Helm C.,University of Witwatersrand |
Wilson G.,University of Cape Town |
Midgley J.,University of Cape Town |
Kruger L.,Organisation for Tropical Studies |
Witkowski E.T.F.,University of Witwatersrand
Austral Ecology | Year: 2011
Sclerocarya birrea ssp. caffra (marula), a typical savanna tree, is vulnerable to the effects of fire, herbivory and their combination. This paper investigated the relative importance of these agents of disturbance, at the level of the individual stem, by specifically focusing on the following questions: (i) What is the greatest cause of mortality in adult marula stems in conservation areas with both elephants and fire? (ii) Does fire interact with bark stripping to cause adult stem mortality and if so what is the dominant mechanism? (iii) At what stem diameter are marulas resistant to fire? Field surveys quantified the extent of damage in marula individuals in the Kruger National Park, South Africa, highlighting the high levels of extreme herbivory such as toppling (7%) and pollarding (8%), relative to bark stripping (only 6% with more than 50% of the circumference stripped). In addition to extreme herbivory, the progression from bark stripping through to invasion of the soft, exposed heartwood by wood borers, often facilitated by fire, through to toppling of the weakened stem after successive fires, appears to be the dominant mechanism by which fire interacts with herbivory to cause adult stem death. Bark stripping and fire manipulation experiments indicated that bark stripping failed to increase the vulnerability of stems to fire directly through transport tissue damage. However, the combination of bark stripping and fire reduced the ability of the stem to regrow bark, increasing the vulnerability of the exposed stem to boring insects and future fires. Fire manipulation experiments were used to identify the minimum stem diameter of resistance to fire. Marula resisted stem death when greater than 3.4cm in basal diameter. This paper emphasizes the importance of both fire and herbivory in the development of woody plant population structure and by extension, the relative proportion of trees and grasses in savanna landscapes. © 2011 The Authors. Journal compilation © 2011 Ecological Society of Australia.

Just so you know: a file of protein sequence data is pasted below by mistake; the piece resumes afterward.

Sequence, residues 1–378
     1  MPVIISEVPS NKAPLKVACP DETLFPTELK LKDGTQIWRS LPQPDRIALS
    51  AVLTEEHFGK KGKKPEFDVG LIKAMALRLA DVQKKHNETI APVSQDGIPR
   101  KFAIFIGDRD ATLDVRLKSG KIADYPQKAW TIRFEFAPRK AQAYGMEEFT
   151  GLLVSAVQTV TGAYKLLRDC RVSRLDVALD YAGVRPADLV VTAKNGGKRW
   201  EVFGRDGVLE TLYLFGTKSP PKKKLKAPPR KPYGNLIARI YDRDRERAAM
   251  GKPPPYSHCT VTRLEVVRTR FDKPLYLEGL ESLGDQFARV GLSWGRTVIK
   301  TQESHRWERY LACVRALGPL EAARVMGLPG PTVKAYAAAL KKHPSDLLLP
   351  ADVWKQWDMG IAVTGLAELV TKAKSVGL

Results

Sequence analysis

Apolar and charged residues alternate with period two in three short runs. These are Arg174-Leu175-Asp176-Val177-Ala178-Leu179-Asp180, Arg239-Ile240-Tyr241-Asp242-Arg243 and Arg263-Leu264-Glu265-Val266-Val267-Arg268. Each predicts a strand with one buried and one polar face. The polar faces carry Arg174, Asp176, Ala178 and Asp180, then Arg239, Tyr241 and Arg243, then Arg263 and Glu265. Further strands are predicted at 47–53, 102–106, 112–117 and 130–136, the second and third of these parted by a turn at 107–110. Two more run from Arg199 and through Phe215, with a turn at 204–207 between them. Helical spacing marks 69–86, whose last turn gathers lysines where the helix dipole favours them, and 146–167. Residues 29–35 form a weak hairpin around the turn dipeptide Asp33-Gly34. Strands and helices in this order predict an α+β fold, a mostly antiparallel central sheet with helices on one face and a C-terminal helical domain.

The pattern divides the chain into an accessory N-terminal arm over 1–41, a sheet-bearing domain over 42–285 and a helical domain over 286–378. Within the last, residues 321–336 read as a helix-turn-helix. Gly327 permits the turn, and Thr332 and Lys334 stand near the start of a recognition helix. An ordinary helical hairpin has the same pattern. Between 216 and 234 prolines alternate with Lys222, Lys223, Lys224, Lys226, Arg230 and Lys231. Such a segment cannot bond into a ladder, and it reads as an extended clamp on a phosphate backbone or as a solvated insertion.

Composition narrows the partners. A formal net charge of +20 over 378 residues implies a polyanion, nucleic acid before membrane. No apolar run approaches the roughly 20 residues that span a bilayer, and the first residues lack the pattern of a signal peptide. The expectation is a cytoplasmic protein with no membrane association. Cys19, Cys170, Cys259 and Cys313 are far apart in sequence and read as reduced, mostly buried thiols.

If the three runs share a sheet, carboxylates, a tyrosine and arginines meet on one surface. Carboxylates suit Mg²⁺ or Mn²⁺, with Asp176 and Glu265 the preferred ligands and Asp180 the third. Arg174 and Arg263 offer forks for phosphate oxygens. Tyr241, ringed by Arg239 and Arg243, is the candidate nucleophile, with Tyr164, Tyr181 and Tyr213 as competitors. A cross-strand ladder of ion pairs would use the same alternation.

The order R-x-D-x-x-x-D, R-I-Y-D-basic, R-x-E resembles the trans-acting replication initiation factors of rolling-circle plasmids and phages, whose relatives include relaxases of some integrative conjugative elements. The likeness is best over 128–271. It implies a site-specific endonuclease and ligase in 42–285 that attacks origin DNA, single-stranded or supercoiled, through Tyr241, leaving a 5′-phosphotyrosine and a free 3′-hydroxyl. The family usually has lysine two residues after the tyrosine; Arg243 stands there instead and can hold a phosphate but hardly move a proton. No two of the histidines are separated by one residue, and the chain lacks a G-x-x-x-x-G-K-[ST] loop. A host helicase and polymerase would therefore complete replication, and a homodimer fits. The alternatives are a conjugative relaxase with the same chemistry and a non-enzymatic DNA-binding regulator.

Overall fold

Bouchard E.H.,Wheaton College at Illinois |
Little L.E.,University of Washington |
Miller C.M.L.,Grinnell College |
Rundell S.M.,Yale University |
And 3 more authors.
Koedoe | Year: 2015
Encroachment by alien species is the second greatest threat to biodiversity worldwide. As South Africa’s Cape Floristic Region has a botanical endemism of nearly 70%, conservation efforts are a high priority. Estimates suggest that alien species cost the country over R6.5 billion per year. Despite significant research on alien species dispersal, the role of tourists as seed dispersers requires further exploration. To investigate the potential role tourists play in introducing alien seeds into protected areas, long-bristle brushes were used to scrape seeds off the shoes of hikers, dog walkers and cyclists, as well as the wheels of mountain bikes and dogs themselves, upon entering the Silvermine Nature Reserve section of the Table Mountain National Park in the Western Cape province, South Africa. In addition, a vegetation survey was conducted. This comprised 18 transects at various distances from the recreational paths in the park, and used a prioritisation ranking system that identified the alien species of greatest concern. It was concluded that the greatest number of alien plant species could be found along dog paths, in comparison to the hiking trails and cycling trails. This corresponded to the findings that dog walkers had the highest incidence of seeds on their shoes, suggesting that tourists were possibly dispersing seeds from their gardens. Alien species significantly covered more of the vegetation transects closer to the trails than they did in transects further into the matrix. Because more alien species were present in areas susceptible to human disturbance, the data suggest that tourists can act as vectors for alien seed dispersal. These findings emphasise the need for active tourism management in line with the South African National Parks Biodiversity Monitoring Programme in order to prevent the introduction and spread of alien species into South Africa’s protected areas. Conservation implications: Tourism is the main source of revenue for South African National Parks, and one of the organisation’s principal goals is to create a tourism management policy conducive to conservation. This research explores the potential role that tourists may play in the introduction of non-native species into a protected area, thereby providing novel information that could assist managers in the sustainable management of protected areas. © 2015. The Authors. Licensee: AOSIS OpenJournals. This work is licensed under the Creative Commons Attribution License.